theGrio reported yesterday on a Deadspin.com article about Jack McCallum’s latest book coming out in July about his experiences following the Dream Team during the 1992 Olympics. In the article, one of the Dream Team players he interviewed, NBA Hall of Famer Clyde Drexler, was quoted by McCallum making very controversial comments about Magic Johnson. Today, Drexler is denying the claims the article made about him stating the Dream Team “kept waiting for Magic to die.” Deadspin has Drexler’s full comment:
Dream Team, Jack McCallum’s exhaustive account of the life and times of America’s 1992 Olympic men’s basketball team, was already looking like the most anticipated sports book of the summer when we ran a brief excerpt yesterday, one that dealt with Hall of Famer Clyde Drexler and his comments on how the team dealt with Magic Johnson and his having HIV. Here’s the passage straight from the book:
“Magic was always…” And Drexler goes into a decent Magic impression: “‘Come on, Clyde, come on, Clyde, get with me, get with me,’ and making all that noise. And, really, he couldn’t play much by that time. He couldn’t guard his shadow.”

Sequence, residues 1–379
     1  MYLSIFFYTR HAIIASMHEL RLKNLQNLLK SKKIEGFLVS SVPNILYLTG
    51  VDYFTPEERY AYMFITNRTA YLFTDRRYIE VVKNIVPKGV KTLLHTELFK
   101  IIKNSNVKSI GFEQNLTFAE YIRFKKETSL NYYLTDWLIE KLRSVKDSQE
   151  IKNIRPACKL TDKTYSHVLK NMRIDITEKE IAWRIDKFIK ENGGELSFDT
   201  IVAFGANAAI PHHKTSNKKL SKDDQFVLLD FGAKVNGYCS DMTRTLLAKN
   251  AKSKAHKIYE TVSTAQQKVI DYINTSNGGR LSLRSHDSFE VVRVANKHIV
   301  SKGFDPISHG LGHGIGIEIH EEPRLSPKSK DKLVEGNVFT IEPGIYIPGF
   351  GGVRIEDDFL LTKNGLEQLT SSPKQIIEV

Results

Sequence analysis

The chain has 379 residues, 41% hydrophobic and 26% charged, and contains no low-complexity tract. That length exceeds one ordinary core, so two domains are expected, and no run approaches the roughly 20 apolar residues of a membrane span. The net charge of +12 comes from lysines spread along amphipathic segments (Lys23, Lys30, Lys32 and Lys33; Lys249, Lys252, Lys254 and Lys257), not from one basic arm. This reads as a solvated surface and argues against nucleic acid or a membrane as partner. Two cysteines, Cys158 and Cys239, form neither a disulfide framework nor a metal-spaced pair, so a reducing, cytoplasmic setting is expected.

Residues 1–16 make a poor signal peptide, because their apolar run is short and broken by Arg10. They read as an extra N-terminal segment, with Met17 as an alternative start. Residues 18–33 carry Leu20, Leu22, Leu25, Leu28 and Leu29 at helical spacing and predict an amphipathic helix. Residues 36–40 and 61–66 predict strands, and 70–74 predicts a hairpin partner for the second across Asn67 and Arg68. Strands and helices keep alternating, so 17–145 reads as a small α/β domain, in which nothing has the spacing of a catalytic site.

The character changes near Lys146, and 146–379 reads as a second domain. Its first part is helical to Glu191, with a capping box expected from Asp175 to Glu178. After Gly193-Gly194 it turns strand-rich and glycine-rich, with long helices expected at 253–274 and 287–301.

“But you have to have to understand what was going on then. Everybody kept waiting for Magic to die. Every time he’d run up the court everybody would feel sorry for the guy, and he’d get all that benefit of the doubt. Magic came across like, ‘All this is my stuff.’ Really? Get outta here, dude. He was on the declining end of his career.”
Drexler had played exquisitely in the 1992 All-Star Game in Orlando, although the MVP award eventually went to Magic, who had been added by Commissioner Stern as a special thirteenth player to the Western Conference roster. “If we all knew Magic was going to live this long, I would’ve gotten the MVP of that game, and Magic probably wouldn’t have made the Olympic team.”
In the wake of that post, McCallum responded on his personal website yesterday in an attempt to give some further context:
Click here to read McCallum’s response, as well as Drexler’s comments.